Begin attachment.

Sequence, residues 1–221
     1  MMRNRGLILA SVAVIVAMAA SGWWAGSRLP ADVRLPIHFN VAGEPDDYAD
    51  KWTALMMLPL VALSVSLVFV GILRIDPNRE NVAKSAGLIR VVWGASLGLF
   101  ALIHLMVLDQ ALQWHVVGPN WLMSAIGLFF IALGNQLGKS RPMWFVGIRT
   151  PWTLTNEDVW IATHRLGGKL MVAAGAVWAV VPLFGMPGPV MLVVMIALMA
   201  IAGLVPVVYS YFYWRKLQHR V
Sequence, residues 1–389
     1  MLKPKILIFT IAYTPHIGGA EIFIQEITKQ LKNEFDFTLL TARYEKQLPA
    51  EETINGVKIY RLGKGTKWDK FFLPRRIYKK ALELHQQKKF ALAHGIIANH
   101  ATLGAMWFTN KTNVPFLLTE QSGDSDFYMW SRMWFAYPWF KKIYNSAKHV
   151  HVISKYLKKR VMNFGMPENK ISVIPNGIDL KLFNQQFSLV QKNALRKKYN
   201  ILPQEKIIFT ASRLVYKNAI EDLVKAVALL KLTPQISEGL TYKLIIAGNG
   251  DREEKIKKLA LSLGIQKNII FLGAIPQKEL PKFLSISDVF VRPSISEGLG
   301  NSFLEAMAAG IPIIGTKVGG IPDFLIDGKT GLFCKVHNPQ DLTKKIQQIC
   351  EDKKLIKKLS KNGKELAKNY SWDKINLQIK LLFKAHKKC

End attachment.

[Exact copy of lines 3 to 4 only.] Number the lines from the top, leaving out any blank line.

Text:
    51  KWTALMMLPL VALSVSLVFV GILRIDPNRE NVAKSAGLIR VVWGASLGLF
   101  ALIHLMVLDQ ALQWHVVGPN WLMSAIGLFF IALGNQLGKS RPMWFVGIRT